Anthony Quinn, Guardian

‘At his best, Penman exemplifies the art of effective music criticism: neither comprehensive nor hagiographical, his portraits of pop-cultural figures have a unique richness.’ 
K Biswas, New Statesman

‘Extensive and insightful’

‘Penman’s subjects are a canny mixture of legend (James Brown, Charlie Parker, Frank Sinatra, Elvis, Prince), fascinating outlier (John Fahey, Steely Dan’s Donald Fagen), and movement (an unflinching unpicking of the continuing Mod revival). Many of these figures have been done to death, of course, but Penman confronts the spectre of biography-overload by referencing key works he admires, and some he doesn’t, fusing his own arguments with other writers’ missteps or apparent lapses in taste. It’s a tactic that benefits the reader, casting light on differing viewpoints and, as evidenced by both a bibliography and ‘discography/mood map’, signposting further recommended reading…. a book that so artfully marries history and criticism emerges as a joyous celebration of the complex act of writing about music.’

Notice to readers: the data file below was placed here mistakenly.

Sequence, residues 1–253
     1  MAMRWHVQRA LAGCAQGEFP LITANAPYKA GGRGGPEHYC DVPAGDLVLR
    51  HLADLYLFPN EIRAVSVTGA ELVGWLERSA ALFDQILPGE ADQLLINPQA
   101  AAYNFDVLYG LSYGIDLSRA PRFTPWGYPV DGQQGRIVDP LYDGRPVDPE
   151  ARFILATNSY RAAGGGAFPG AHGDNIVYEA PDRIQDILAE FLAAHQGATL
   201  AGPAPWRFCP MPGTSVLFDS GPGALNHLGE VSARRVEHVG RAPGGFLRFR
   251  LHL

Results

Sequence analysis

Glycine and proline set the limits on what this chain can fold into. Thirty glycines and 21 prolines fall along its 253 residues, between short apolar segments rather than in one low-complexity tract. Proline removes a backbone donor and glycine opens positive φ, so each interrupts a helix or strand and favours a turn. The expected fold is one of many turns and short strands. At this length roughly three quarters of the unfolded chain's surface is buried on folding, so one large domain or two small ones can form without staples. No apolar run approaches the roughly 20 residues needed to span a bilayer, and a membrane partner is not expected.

Gary Kaill, The Quietus

‘Penman is not only adept at what the Frankfurt musicologist Theodor Adorno called ‘structured listening’, the ability to hold the totality of a musical work in mind while being minutely aware of its details at the micrological level, he is also acutely proficient at the sympathetic tone. The subjects of these essays may be consensual enough – Sinatra, Presley, James Brown, Charlie Parker, the Mods, and others – but there is not even a hint of playing to the crowd in their discussion. In this sense, it becomes genuinely beside the point whether the reader likes the artist in question or not, not because Penman takes anybody else’s response for granted, but because there are always things to learn, to notice, to smile about, when one sets one’s tribal affiliations to one side…. These truly are essays that, as the writer hopes, will reward periodic revisits. As somebody once crooned, nobody does it better.’
 Stuart Walton, Review 31

‘How – in Penman’s words – to be serious without being pompous, how to be simultaneously complex and seductive, how to give a hint of your own flaws and passions without being boorishly or presumptively autobiographical: such are the struggles of the high-end essayist-reviewer, and the tension at the heart of Penman’s own pieces, since he started writing them, as a teenager, for the 1970s NME. The years have made his writing clearer, deeper, sadder, richer. This is a wonderful collection.’ 
— Jenny Turner, author of The Brainstorm